Mybribieisland Looks At The Project To Install Pedrestian Lights On Benabrow Avenue

In this, the last of the stories looking at the value Bribie Island ratepayers have obtained from capital projects on Bribie, MBI looks at the project to install traffic lights on Benabrow Avenue in 2009. This project has been selected because it was the first “major” project (ie one with a cost over $500,000) undertaken on Bribie Island by the newly established Moreton Bay Regional Council (MBRC). It was also selected because the way this project was executed has set a standard for the way major projects are implemented by Council on Bribie. These implementation practises include:

  • No consultation with the ratepayers who will pay for the project
  • Ignoring virtually all feedback and input
  • Aggressively attacking, vilifying and attempting to marginalise those groups or individuals who disagree. Some of the practises used include:
    • Spreading false and/or misleading information about the dissenting groups or individuals
    • Restricting access to Council staff
    • Censoring all correspondence to and/or from dissenters

Previous MBI articles on Bribie Island capital works have covered a wide range of projects including:

  • Storm water runoff (March 2014): MBI showed that the engineering practises currently used to dispose of storm water are inappropriate for Bribie Island and add significant cost to capital projects. In the case of roadways, for instance, it more than doubles the cost. These practises have resulted in the creation of a long-term liability for Council to maintain all this storm water infrastructure. That liability could have been avoided if best-in-class standards had been used and ratepayers had been given an opportunity to provide input to the design
  • Woorim roundabout (March, 2014): The cost of installing this roundabout at the intersection of Arcadia and First Avenues was in excess of $600,000 and the reasons for its installation are difficult to understand. Certainly it was not warranted because of traffic volumes or accident history. The extremely complex storm water runoff system would have more than doubled the cost of the project. The vegetation planted at this roundabout was supposed to give a “sense of arrival” to Woorim, but due to poor plant selection and inadequate maintenance, most of that initial planting has died. MBI concluded the roundabout gave more of a “sense of neglect”.
  • Skate-parks – Tintookie Park and Sunderland Drive (April, 2014): The Tintookie skate-park at Woorim was installed at a final cost of around $1million even though there was a perfectly adequate and under-utilised skate-park on Sunderland Drive. MBI connects the decision to install this skate-park to the efforts by MBRC to obtain support from local businesses for the controversial multi-million dollar project to lower the dunes at Woorim and establish sea views for a number of businesses. That project has been an environmental disaster and will be discussed in greater detail in upcoming MBI articles. The Sunderland Drive skate-park and the adjoining Bribie Island Community Centre were operated by MBRC and had become quite a popular youth drop-in and activity centre. Many community groups had made significant contributions to the Centre to improve its facilities. The Centre was closed when Council and the State Government withdrew its funding and the users of those facilities had to move. Both skate-parks are now little-used and their upkeep and maintenance represent a long-term liability for ratepayers.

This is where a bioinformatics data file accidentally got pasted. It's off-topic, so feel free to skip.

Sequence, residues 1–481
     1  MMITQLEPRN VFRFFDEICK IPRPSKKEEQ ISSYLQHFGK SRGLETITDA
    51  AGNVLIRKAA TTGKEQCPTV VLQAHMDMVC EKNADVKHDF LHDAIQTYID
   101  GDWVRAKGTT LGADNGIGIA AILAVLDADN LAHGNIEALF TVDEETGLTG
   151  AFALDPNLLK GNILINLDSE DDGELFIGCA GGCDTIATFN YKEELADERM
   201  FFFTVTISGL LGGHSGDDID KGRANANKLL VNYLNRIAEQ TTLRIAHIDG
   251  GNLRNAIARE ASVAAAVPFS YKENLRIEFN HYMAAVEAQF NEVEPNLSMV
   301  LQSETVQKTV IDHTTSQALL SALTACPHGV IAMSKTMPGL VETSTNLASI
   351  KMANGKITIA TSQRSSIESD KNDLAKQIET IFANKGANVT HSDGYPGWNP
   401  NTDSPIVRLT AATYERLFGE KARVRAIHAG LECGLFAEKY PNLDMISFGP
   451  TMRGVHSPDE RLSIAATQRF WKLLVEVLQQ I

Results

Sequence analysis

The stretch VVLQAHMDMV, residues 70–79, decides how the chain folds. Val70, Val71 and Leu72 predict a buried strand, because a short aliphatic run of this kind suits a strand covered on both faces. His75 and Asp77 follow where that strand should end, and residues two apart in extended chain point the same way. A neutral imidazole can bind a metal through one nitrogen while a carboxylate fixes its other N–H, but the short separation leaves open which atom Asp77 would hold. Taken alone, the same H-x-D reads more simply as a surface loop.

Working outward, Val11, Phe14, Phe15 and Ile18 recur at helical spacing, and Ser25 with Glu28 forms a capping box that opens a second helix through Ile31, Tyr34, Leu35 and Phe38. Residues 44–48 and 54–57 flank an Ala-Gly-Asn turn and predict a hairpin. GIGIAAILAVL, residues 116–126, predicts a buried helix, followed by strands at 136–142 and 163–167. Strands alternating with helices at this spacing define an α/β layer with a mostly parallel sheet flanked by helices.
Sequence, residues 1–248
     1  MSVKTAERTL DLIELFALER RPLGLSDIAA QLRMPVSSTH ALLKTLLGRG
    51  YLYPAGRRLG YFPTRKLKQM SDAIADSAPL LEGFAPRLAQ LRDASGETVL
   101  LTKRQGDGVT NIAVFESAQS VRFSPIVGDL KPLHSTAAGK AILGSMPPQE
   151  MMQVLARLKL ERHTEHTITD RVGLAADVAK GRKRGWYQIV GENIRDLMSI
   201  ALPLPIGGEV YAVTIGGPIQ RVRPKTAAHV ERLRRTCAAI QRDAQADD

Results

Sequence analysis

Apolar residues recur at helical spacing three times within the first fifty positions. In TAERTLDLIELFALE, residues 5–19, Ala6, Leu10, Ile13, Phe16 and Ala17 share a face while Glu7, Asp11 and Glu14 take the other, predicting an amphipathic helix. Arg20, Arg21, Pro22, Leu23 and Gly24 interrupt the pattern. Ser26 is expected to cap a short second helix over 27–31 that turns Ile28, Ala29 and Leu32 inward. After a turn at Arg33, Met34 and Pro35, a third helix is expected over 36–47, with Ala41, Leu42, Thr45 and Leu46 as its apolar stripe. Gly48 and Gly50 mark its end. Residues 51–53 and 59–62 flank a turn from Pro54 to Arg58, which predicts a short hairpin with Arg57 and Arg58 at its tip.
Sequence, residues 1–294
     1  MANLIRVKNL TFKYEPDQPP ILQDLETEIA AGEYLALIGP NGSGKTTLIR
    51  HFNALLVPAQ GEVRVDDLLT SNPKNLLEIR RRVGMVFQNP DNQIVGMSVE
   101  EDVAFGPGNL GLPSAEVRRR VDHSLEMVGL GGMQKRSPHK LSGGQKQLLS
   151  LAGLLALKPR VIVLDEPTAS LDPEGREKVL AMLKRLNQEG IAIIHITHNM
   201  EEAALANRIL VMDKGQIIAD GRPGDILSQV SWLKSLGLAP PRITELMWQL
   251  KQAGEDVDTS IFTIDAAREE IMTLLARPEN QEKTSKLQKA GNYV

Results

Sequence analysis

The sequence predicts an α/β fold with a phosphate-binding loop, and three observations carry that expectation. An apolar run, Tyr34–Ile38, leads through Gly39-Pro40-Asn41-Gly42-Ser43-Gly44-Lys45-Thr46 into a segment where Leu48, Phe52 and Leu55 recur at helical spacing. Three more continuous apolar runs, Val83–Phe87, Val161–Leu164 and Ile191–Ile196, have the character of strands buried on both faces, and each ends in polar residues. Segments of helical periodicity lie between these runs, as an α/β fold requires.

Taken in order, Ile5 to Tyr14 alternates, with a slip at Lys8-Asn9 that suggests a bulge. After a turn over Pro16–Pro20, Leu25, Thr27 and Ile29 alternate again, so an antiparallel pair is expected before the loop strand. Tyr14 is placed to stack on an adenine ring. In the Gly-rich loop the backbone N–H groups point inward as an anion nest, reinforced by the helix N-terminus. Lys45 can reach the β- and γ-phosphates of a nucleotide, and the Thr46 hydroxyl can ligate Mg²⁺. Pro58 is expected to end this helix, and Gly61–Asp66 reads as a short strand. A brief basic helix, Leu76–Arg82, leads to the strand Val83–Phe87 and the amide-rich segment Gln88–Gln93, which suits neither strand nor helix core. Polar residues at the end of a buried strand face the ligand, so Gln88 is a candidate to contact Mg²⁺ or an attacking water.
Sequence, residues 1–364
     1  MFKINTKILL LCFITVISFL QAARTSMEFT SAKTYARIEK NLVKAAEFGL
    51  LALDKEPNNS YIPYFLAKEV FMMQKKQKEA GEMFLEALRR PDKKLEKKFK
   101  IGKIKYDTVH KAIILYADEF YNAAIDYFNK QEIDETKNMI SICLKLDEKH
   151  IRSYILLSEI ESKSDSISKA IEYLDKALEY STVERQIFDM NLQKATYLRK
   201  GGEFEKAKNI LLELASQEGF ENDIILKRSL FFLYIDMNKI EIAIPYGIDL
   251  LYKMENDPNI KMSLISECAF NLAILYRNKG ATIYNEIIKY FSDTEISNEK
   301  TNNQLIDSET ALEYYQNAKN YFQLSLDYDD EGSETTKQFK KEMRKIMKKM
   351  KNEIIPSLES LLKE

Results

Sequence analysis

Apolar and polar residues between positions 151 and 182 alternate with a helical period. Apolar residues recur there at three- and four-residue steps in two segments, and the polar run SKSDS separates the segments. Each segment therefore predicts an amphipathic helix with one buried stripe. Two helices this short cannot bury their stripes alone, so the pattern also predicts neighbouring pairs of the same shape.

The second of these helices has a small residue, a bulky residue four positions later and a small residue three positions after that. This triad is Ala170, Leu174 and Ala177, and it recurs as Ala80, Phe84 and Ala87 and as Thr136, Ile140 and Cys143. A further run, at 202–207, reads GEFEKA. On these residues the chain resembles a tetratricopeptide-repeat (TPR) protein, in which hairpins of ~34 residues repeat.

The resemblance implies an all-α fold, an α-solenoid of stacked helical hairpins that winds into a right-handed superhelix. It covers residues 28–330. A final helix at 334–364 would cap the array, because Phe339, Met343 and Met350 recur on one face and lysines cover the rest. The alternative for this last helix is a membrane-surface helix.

• Sunderland Drive Roundabouts (April, 2014): These roundabouts were reduced from four-lane to two-lane in this “upgrade” at a cost of around $150,000. Feedback to MBI was that the traffic conditions were made worse by these changes. MBI concludes that ratepayers gained little or no benefit from the project.

MBI encourages readers to take a look at these stories if they have not already done so.

MBI also invites readers to follow us on Facebook. Readers can access Facebook by clicking here or alternatively clicking on the Facebook icon on this page. Some of the subjects covered on Facebook include:

  • Bibimulya wetlands improvements
  • Tree removal at Bribie Island State School and subsequent need to install shade cloths
  • Removal of environmental corridors from MBRC Regional Planning Scheme and the threat this poses to already endangered fauna and flora
  • The never-ending increases in electricity prices
  • Exhibits at the Bribie Seaside Museum
  • The never-ending increases to Unity Water bills and the reasons ratepayers are being given for these increases
  • The never-ending assault on Bribie’s vegetation by MBRC

In the coming months, MBI will begin a series of stories on those activities on Bribie that MBI readers have chosen as being the most environmentally irresponsible. MBI encourages readers to keep coming back to MBI to read about those stories as they are uploaded.